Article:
Astronauts reflect on future final-frontier films

Image: Terry Virts on ISS
NASA astronaut Terry Virts aims his camera through the Cupola, the best window on the International Space Station. (Credit: NASA)

“A Beautiful Planet” is a 3-D visual feast for the eyes, but the astronauts who filmed the IMAX space extravaganza made sure that’s not all it is.

For example, NASA astronaut Terry Virts said he recalled the feeling of life on the International Space Station as he watched the movie today at Seattle’s Pacific Science Center. “When I was going down into the Soyuz to say goodbye, I can feel what that suit felt like. Just how to move in weightlessness,” he said.

His crewmate, Kjell Lindgren, was struck by the sounds of a spacewalk.

“The microphone captured the sound coming through the structure of the suit,” he told GeekWire. “The anchors banging around, the sound of the breathing, just the suit flexing, the joints slipping on each other. Just the sensation of what it’s like to move outside, and to see these guys moving around outside. That’s what it feels like. It’s very visceral.”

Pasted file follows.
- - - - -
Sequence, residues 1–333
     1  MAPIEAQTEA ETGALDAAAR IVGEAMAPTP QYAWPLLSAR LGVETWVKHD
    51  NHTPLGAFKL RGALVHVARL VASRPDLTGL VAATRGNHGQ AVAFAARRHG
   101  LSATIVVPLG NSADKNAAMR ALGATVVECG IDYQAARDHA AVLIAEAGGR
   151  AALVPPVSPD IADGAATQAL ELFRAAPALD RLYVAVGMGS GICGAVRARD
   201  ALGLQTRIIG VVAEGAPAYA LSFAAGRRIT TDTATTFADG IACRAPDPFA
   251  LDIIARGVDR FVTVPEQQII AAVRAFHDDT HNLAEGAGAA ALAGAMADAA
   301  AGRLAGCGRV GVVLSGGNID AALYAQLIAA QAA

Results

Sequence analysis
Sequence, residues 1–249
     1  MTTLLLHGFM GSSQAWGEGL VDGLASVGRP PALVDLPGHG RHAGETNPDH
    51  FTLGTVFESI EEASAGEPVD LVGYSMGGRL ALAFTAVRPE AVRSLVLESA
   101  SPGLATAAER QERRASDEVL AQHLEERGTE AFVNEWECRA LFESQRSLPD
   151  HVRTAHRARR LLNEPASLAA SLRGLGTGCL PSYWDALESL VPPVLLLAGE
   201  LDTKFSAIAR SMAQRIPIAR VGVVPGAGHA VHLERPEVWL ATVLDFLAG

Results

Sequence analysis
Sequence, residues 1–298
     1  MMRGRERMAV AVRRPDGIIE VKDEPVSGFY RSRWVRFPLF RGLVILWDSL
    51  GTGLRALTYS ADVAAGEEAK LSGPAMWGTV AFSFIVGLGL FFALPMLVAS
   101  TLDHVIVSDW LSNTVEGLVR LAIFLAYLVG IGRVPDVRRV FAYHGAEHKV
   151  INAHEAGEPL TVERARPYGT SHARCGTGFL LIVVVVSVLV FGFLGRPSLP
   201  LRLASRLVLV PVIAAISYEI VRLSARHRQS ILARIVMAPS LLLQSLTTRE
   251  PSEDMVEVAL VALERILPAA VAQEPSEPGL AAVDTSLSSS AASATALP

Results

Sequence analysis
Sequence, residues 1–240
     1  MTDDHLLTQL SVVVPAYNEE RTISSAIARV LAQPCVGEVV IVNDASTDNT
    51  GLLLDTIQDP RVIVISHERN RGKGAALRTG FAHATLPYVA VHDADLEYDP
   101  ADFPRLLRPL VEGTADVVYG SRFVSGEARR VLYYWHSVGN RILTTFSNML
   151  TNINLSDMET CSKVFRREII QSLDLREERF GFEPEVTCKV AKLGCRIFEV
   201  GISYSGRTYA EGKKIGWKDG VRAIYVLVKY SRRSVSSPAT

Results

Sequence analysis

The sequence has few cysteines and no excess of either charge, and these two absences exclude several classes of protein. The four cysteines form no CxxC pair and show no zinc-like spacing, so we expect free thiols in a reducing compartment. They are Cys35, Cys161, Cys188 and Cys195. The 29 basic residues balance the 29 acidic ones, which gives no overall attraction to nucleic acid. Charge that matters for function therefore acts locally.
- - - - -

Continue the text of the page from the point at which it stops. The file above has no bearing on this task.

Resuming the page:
When a spacewalker’s tether pulled taut, the resulting twang drew a gasp from the audience – as if they were watching a “Gravity”-type thriller, not a real-life documentary about the space station and our planet below.

That’s the kind of scene that producer/director/editor Toni Myers, who’s been in on 10 IMAX movies, loves to spring on filmgoers. “There’s such a thing as a golden eight seconds, and that was one of them,” she said.

Get the full story on GeekWire.

By Alan Boyle

Mastermind of Cosmic Log, contributor to GeekWire and Universe Today, author of "The Case for Pluto: How a Little Planet Made a Big Difference," past president of the Council for the Advancement of Science Writing.

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